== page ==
|Yellow-breasted Chat||Maintain current population level in Canada.||Maintain at least 4 ha of suitable Yellow-breasted Chat habitat in the park.||Amount of suitable habitat and number of nesting pairs has been decreasing over the last 10 years.||The total amount of suitable habitat will be calculated using air photos at least every 5 years.||It was not possible to identify a P&D objective because the Yellow-breasted Chat population is decreasing across Canada and Ontario beyond PPNP's boundaries, so only a habitat objective was chosen.|
|Acadian Flycatcher, Barn Swallow, Buff-breasted Sandpiper, Butternut, Canada Warbler, Cerulean Warbler, Chimney Swift, Common Nighthawk, Eastern Mole, Eastern Pondmussel, Golden-winged Warbler, Hooded Warbler, Horned Grebe, King Rail, Kirtland’s Warbler, Lake Erie Watersnake, Little Brown Myotis, Louisiana Waterthrush, Monarch, Northern Myotis, Olive-sided Flycatcher, Peregrine Falcon, Piping Plover, Red Knot, Rusty Blackbird, Short-eared Owl, Spoon-leaved Moss, Spotted Turtle, Tri-colored Bat, Wood Thrush,||No objective established: because no threats known in park or no PPNP management actions can contribute to conservation within the park and PPNP is of limited importance to the species' national recovery.||Unknown||Record incidental observations.||The park will continue to protect individuals and protect suitable habitat on park lands and support partners where feasible on recovery and protection of these species. Additionally, PPNP will work with partners to conduct opportunistic surveys for under-surveyed species in the park and adjust management approaches appropriately when new populations are found.|
Appendix B: Species information, objectives and monitoring plans for species at risk in NNHS.
|Species||National objectivesFootnote7||Site-based Population & distribution objectives||Population Trend in NNHS||Population monitoringFootnote8||General information and broad park approach|
|Bobolink||Provincial objective: maintain stable, self-sustaining populations of Bobolinks in Ontario.||Maintain a breeding presence at the site at least once in a 5-year period.||Unknown||Breeding bird survey every spring at The Commons||Reported as breeding at The Commons since at least the mid-1990s, with 5 pairs noted in 2011. A 5-hectare reserve was established in 2011 to maintain optimal habitat for the species using a mowing regime.|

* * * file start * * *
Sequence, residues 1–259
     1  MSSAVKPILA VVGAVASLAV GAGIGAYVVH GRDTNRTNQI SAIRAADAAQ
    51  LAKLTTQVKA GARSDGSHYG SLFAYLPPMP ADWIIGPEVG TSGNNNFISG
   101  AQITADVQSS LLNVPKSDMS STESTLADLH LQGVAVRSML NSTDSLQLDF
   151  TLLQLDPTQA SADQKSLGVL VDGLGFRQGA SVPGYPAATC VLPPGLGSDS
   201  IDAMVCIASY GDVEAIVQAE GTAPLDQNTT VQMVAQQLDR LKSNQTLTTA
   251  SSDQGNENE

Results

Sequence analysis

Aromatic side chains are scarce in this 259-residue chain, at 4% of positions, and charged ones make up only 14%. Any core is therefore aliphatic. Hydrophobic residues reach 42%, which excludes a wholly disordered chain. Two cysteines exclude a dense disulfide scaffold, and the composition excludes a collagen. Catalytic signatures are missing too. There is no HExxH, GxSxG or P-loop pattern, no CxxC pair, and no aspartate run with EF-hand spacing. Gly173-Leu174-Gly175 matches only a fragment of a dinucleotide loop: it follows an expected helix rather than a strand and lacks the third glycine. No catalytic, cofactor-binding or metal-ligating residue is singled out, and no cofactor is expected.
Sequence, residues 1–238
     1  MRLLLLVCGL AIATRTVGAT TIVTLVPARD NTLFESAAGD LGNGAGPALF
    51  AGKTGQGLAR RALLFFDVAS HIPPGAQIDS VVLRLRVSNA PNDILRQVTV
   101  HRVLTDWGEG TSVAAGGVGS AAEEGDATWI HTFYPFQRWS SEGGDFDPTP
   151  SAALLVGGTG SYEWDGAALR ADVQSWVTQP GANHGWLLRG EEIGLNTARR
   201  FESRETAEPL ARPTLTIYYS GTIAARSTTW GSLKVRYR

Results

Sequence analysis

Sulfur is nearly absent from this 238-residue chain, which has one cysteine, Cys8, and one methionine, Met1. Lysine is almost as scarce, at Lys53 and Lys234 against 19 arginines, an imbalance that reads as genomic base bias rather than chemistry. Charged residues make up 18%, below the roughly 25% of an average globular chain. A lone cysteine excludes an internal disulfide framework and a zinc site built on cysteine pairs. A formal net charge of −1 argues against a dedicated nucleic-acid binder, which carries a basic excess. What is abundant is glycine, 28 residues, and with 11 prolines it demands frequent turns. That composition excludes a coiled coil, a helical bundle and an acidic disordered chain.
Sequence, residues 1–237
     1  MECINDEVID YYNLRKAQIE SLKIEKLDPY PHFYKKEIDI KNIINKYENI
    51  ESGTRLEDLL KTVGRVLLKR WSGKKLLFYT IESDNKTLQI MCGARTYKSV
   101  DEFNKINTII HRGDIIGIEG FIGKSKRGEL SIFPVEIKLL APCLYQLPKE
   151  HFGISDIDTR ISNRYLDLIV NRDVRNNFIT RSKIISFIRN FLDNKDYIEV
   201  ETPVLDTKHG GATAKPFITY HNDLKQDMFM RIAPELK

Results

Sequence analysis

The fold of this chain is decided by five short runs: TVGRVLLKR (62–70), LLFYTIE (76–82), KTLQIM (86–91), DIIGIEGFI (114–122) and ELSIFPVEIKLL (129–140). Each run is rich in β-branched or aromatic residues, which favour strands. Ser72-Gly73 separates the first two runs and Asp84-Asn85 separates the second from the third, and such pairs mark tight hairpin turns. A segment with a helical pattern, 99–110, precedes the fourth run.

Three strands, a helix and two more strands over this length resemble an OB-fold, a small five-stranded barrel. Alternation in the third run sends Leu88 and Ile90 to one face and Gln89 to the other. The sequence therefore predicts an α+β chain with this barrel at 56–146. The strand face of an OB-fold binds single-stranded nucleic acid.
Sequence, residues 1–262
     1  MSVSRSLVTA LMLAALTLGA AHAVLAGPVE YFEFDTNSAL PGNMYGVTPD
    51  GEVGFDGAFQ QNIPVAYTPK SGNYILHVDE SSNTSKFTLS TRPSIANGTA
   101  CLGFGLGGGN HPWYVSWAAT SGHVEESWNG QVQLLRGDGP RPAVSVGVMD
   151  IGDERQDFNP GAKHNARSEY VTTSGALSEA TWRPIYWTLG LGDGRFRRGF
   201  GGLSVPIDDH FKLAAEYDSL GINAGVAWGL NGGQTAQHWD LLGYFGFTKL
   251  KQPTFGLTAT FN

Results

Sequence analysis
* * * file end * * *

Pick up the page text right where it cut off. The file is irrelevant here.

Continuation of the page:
|Eastern Flowering Dogwood||Conserve existing populations, reduce the rate of decline and, if biologically and technically feasible, restore populations across its range in Canada.||Conserve the existing population of 36 stems at the known sites.||Stable||Count individuals each spring.||Anthracnose has been observed at the site and restoration is needed at the lagoon to prevent existing individuals from drowning due to over-spill.|
|Monarch||Mitigate threats to Monarch and ensure that there is sufficient breeding, nectaring and staging habitat in Canada.||Ensure habitat is available.||Unknown||Survey suitable milkweed habitat every 5 years.||Restoration at the site could include planting milkweed to offset impact of new sewage treatment facility.|
|Snapping Turtle||Implement measures to address the main threats and document population trends across Canada.||Maintain occupancy at the site.||Unknown||Confirm occupancy by observing at least one individual each year.||Long-term restoration of the site includes improvements to Two Mile Creek where snapping turtles are regularly observed.|
|White Wood Aster||N/a||Maintain 3 patches of individuals at Oak Grove and 4 patches at the Lakeshore Property.||Unknown||Count patches and individuals at least once every 5 years.||Removal of invasive species will improve habitat for this species.|
|Bank Swallow, Barn Swallow, Butternut, Chimney Swift, Hooded Warbler, Eastern Milksnake, Shumard Oak||No objective established: because no threats known at the site or no NNHS management actions can contribute to conservation within the site and NNHS is of limited importance to the species' national recovery.||Unknown||Record incidental observations.||The site will continue to protect individuals and protect suitable habitat on PCA lands and support partners where feasible on recovery and protection of these species.|
Appendix C: Conservation and recovery measures that will be conducted by PPNP and NNHS.
|Species||Measure #||Measure||Desired Outcome||Threat or recovery measure addressedFootnote 9||Timeline|